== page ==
If you did not opt to have the install-wgasm.sh script automatically install SteamCMD, you will need to do that manually. Fortunately, an easy installation script for SteamCMD has also been provided. It should already be present in the ~/wgasm folder. You can install SteamCMD using the install-steamcmd.sh script using the following commands:
cd ~/wgasm; chmod +x install-steamcmd.sh; ./install-steamcmd.sh;
11 - Installing Example Stencils
This system implements a feature known as "Stencils". These are essentially standard configurations that may be applied to (or "painted" onto) a game-server. They may also be used to add various server-side modifications to an existing game-server configuration. Each Stencil is specific to a particular game-type.

Several example Stencils are available, including:
  • For several example games, base "starter" configurations to take a game-server from a blank installation to something that is at least minimally ready to connect to from a game-client.
  • For several example games that are based on the GoldSrc[en.wikipedia.org] game-engine, a basic setup for AMX-Mod-X[www.amxmodx.org] - with or without 3rd-party "bots".
  • For several example games that are based on the Source[en.wikipedia.org] game-engine, a basic setup for SourceMod[www.sourcemod.net].
Although the list of example Stencils is already included in the ~/wgasm/data/game-stencils.tsv file - their actual content is too large to house directly inside the Git-Hub repository[github.com]. Consequently, the content for the Stencils has been archived and uploaded into this DropBox:
If you did not opt to have the install-wgasm.sh script automatically install the Stencils, you may want to do that manually. Fortunately, an easy installation script for the Stencils has also been provided. It should already be present in the ~/wgasm folder. You can install the Stencils using the install-stencils.sh script using the following commands:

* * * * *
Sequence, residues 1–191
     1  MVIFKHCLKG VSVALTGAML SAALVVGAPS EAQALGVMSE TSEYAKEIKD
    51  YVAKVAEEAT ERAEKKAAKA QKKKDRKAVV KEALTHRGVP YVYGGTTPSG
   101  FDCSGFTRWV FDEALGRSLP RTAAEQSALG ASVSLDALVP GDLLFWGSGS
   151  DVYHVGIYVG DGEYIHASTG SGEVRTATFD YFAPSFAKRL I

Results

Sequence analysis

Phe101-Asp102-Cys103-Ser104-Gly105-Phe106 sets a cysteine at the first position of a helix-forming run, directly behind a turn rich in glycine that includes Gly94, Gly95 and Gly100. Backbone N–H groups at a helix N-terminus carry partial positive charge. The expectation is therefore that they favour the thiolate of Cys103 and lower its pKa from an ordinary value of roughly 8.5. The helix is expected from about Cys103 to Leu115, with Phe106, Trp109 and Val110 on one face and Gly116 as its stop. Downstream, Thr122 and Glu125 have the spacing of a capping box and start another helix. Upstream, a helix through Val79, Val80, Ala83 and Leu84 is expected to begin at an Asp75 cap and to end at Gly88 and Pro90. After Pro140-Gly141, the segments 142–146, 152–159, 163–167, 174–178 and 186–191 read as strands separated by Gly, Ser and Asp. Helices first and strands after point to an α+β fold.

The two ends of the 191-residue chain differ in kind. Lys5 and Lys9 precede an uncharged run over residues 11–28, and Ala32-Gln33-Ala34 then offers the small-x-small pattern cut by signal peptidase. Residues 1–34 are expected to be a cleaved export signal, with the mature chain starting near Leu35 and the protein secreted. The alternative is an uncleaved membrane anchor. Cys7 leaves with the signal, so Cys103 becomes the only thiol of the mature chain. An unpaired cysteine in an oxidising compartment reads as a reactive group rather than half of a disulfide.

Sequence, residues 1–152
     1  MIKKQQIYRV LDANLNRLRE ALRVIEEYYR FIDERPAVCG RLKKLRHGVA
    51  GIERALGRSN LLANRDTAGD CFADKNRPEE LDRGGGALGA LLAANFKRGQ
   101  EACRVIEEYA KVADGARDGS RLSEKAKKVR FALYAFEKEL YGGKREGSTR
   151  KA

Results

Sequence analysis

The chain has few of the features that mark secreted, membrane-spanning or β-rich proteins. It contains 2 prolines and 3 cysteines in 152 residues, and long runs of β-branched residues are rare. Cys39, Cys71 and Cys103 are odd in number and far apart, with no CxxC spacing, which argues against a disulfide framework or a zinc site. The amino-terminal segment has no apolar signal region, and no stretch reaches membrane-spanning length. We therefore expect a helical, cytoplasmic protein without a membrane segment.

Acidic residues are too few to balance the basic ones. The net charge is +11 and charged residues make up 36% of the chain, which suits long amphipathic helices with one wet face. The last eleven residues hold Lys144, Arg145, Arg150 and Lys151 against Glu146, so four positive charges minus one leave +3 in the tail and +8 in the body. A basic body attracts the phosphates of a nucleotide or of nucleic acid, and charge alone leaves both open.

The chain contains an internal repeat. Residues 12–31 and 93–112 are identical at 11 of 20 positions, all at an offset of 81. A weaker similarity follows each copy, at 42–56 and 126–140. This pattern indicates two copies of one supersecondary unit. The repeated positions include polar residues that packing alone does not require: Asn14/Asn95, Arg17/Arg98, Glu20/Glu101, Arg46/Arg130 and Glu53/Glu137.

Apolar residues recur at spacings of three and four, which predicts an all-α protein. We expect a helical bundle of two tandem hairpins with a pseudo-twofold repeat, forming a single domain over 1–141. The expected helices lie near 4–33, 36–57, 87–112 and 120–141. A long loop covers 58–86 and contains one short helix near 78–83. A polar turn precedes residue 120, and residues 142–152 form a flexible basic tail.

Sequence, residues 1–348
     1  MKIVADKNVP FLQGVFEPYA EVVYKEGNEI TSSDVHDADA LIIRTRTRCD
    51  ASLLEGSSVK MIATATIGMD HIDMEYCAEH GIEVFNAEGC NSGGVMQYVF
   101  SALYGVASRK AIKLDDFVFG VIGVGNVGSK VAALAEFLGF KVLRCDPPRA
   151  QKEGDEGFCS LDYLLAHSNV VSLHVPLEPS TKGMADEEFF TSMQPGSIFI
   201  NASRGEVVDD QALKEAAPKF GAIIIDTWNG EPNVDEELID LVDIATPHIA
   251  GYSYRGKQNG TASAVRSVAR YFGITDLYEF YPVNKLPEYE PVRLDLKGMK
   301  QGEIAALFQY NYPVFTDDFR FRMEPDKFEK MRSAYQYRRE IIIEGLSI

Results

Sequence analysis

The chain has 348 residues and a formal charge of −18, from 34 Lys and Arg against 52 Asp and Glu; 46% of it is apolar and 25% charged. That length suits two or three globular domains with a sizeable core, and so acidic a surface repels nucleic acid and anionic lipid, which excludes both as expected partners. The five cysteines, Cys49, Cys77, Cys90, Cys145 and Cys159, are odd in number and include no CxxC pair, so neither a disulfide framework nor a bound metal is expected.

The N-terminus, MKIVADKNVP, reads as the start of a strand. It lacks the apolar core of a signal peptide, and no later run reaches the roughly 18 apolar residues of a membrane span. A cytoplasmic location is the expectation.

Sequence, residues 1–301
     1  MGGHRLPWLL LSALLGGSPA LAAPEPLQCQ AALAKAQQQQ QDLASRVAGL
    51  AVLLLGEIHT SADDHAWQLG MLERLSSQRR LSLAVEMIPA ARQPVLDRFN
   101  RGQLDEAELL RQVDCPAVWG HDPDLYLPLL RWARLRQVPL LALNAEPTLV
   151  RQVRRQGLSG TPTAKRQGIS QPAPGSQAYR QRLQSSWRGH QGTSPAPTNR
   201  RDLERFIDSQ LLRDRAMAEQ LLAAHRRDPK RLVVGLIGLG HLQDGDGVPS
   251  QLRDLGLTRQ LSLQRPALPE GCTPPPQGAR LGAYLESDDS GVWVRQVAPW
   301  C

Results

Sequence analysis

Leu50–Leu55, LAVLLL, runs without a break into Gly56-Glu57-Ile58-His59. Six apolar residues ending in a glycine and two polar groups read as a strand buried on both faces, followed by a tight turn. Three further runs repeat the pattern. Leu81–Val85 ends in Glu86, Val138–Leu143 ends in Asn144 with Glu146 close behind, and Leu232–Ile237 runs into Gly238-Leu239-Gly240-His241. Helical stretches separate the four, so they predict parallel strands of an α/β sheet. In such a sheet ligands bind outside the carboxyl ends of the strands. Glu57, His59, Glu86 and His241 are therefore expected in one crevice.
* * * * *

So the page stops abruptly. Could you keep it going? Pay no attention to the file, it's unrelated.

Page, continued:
cd ~/wgasm; chmod +x install-stencils.sh ./install-stencils.sh;
Example Stencils content in the archive includes:

StencilID
Description
Comment
cs1-base
[CS1] Starter Config
Minimum config with autoexec.cfg, server.cfg, etc.
cs1-amx
[CS1] MetaMod, AMX-Mod-X
Metamod, AMX-Mod-X starter setup.
cs1-amx-bots
[CS1] MetaMod, AMX-Mod-X, Bots
Metamod, AMX-Mod-X plus YaPB.
css-base
[CSS] Starter Config
Minimum config with autoexec.cfg, server.cfg, etc.
css-sm
[CSS] MetaMod:Source, SourceMod
MMS, SourceMod starter setup.
cs2-base
[CS2] Starter Config
Minimum config with autoexec.cfg, server.cfg, etc.
dmc-base
[DMC] Starter Config
Minimum config with autoexec.cfg, server.cfg, etc.
dmc-amx
[DMC] MetaMod, AMX-Mod-X
Metamod, AMX-Mod-X starter setup.
dmc-amx-bots
[DMC] MetaMod, AMX-Mod-X, Bots
Metamod, AMX-Mod-X plus HPB_Bot.
dod-base
[DoD] Starter Config
Minimum config with autoexec.cfg, server.cfg, etc.
dod-amx
[DoD] MetaMod, AMX-Mod-X
Metamod, AMX-Mod-X starter setup.
dod-amx-bots
[DoD] MetaMod, AMX-Mod-X
Metamod, AMX-Mod-X plus Marine-Bot.
dods-base
[DoDS] Starter Config
Minimum config with autoexec.cfg, server.cfg, etc.
dods-sm
[DoDS] MetaMod:Source, SourceMod
MMS, SourceMod starter setup.
fof-base
[FoF] Starter Config
Minimum config with autoexec.cfg, server.cfg, etc.
fof-sm
[FoF] MetaMod:Source, SourceMod
MMS, SourceMod starter setup.
hl1-base
[HL1] Starter Config
Minimum config with autoexec.cfg, server.cfg, etc.
hl1-amx
[HL1] MetaMod, AMX-Mod-X
Metamod, AMX-Mod-X starter setup.
hl1-amx-bots
[HL1] MetaMod, AMX-Mod-X, Bots
Metamod, AMX-Mod-X plus JKBotti.
tf2-base
[TF2] Starter Config
Minimum config with autoexec.cfg, server.cfg, etc.
tf2-sm
[TF2] MetaMod:Source, SourceMod
MMS, SourceMod starter setup.
tfc-base
[TFC] Starter Config
Minimum config with autoexec.cfg, server.cfg, etc.
tfc-amx
[TFC] MetaMod, AMX-Mod-X
Metamod, AMX-Mod-X starter setup.
tfc-amx-bots
[TFC] MetaMod, AMX-Mod-X, Bots
Metamod, AMX-Mod-X plus FoxBot.
12 - The Central Configuration File
Many options used by the system are specified in the central configuration file. The configuration file is named "config.txt", and MUST be located in the same folder as the main scripts themselves. Of course the default scripts folder is $HOME/wgasm (effectively ~/wgasm).

The config file is a plain-text file, and as such should be editable via any preferred text editor ("nano", "vim", or any GUI text editor, etc.).

Any lines in the config.txt file that start with "#" are comments and will be ignored.

The contents of the config.txt file, should looks something like this: